I started writing seriously in 2007. I sold in October 2010. (During that time I took several months off after my father died.) WHEN ONE NIGHT ISN’T ENOUGH was my second completed manuscript. (But I also had two novellas and three short stories completed, as well as several other manuscripts in various stages of completion.) I can’t say I have dozens of rejections, simply because I was very careful where I submitted. But if memory serves, I was rejected by The Wild Rose Press, Ellora’s Cave, Samhain, Kensington, Harlequin Superromance, Silhouette Special Edition, Harlequin Spice Briefs, and Women’s World Magazine.
LOL that's quite a list! You said you were careful. How did you pick your publisher?
I targeted Harlequin because I liked their books and they have a great website with wonderful information for new writers. (And because you don’t need an agent to submit.) I submitted to my favorite lines. But it was purely by chance that I stumbled upon a pitch contest for Harlequin Medical Romance and decided to enter. At the time I didn’t know much about the medical romance line of Harlequin, but never one to pass up an opportunity, I gave the pitch my best shot. And was 1 of 5 winners!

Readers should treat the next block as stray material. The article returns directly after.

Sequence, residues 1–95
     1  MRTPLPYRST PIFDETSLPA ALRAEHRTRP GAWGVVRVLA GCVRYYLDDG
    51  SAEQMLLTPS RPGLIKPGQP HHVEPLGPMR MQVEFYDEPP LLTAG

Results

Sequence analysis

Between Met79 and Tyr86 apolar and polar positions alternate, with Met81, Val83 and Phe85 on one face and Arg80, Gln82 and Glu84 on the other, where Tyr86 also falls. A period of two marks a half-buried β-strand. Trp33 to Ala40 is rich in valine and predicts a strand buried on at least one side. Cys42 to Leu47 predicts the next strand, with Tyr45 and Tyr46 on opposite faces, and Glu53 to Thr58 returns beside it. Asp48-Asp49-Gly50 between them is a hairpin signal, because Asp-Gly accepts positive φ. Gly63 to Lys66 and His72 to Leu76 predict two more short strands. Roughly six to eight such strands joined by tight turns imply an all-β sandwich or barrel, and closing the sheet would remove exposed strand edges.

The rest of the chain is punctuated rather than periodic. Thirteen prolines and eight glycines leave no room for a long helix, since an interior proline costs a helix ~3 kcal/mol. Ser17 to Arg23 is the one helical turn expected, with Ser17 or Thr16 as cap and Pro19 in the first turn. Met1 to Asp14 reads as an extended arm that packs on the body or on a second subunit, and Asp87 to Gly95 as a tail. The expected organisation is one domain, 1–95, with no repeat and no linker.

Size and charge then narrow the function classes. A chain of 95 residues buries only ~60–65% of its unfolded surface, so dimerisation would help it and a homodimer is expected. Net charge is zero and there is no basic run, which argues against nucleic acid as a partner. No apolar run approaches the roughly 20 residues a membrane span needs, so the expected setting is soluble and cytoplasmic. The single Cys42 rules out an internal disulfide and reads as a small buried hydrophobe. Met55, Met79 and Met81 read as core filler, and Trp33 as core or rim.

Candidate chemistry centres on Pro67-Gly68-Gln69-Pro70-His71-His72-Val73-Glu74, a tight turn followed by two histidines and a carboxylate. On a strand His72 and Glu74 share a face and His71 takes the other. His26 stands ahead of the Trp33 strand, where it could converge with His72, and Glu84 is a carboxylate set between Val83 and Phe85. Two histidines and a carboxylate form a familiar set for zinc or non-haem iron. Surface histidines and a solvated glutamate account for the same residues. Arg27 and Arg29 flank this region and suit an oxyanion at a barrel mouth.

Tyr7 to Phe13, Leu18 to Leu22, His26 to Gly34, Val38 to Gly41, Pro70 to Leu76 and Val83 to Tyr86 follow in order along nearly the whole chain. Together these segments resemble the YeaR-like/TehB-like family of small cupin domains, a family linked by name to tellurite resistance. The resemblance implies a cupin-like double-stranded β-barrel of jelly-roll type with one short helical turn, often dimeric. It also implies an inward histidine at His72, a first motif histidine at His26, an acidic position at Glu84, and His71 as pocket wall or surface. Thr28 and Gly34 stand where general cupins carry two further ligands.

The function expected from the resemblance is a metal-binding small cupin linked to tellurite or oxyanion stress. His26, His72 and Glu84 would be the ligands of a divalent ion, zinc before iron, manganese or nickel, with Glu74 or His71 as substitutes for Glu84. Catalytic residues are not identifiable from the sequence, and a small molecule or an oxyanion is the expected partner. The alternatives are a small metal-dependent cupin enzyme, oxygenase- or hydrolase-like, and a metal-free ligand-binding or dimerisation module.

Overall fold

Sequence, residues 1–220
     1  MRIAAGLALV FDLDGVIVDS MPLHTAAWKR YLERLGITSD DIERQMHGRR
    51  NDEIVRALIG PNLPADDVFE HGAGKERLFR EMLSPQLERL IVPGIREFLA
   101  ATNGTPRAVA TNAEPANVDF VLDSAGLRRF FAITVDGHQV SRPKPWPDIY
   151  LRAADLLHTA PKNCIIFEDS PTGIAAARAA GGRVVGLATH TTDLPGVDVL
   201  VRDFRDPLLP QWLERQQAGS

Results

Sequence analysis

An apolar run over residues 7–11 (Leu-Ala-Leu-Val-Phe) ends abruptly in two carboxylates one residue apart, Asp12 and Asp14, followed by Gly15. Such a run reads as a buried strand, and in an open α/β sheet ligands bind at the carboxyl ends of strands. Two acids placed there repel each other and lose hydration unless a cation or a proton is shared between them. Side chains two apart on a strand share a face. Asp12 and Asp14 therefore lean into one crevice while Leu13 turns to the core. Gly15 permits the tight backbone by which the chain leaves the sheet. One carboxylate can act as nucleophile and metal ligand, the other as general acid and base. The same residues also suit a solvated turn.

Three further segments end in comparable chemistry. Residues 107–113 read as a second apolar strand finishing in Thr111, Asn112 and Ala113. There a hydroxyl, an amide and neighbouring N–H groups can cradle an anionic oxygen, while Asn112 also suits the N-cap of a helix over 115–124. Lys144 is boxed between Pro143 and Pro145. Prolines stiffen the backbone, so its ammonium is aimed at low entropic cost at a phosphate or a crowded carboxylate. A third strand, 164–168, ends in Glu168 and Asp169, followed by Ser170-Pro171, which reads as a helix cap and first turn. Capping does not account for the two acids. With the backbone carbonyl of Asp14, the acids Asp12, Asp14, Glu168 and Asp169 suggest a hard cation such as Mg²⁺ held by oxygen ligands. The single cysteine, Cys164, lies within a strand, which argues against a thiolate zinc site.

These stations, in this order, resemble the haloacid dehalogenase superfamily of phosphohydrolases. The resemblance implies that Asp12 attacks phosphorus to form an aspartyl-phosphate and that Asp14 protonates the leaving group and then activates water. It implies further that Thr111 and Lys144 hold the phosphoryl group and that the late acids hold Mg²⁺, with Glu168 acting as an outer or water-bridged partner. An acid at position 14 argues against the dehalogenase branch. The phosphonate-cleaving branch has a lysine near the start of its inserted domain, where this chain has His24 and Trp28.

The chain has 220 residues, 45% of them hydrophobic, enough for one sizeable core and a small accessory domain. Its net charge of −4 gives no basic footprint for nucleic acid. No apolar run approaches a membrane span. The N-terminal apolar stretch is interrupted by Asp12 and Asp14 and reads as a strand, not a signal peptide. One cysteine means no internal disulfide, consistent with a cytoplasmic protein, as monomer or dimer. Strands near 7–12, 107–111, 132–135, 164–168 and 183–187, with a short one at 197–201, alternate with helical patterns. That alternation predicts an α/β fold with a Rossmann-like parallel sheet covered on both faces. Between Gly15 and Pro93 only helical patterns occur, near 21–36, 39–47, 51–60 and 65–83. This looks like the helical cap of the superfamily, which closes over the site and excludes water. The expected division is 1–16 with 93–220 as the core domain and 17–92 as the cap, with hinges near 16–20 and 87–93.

Sigh.. What's your call story?
For me, ‘The Call’ came as an absolute shock. I’d been working on revisions for six long months and had completed the third version of my final draft on a Wednesday. So when my phone rang on Friday, my agent’s voice was the last one I’d expected to hear. She said, “How are you doing?” I said, “Good.” She said, “Real good?” I said, “Just good.” She said, “Well you should feel real, real, real good because Flo (my editor) wants to buy your book.” I don’t recall much after that. I didn’t scream or cry or carry on. All of a sudden the thought of being published, of people I didn’t know reading my book, scared the confidence right out of me! After I hung up with my agent I waited for my editor to call me from London. I don’t remember one word of that conversation. Thankfully she followed up with an e-mail so I knew it wasn’t just a dream.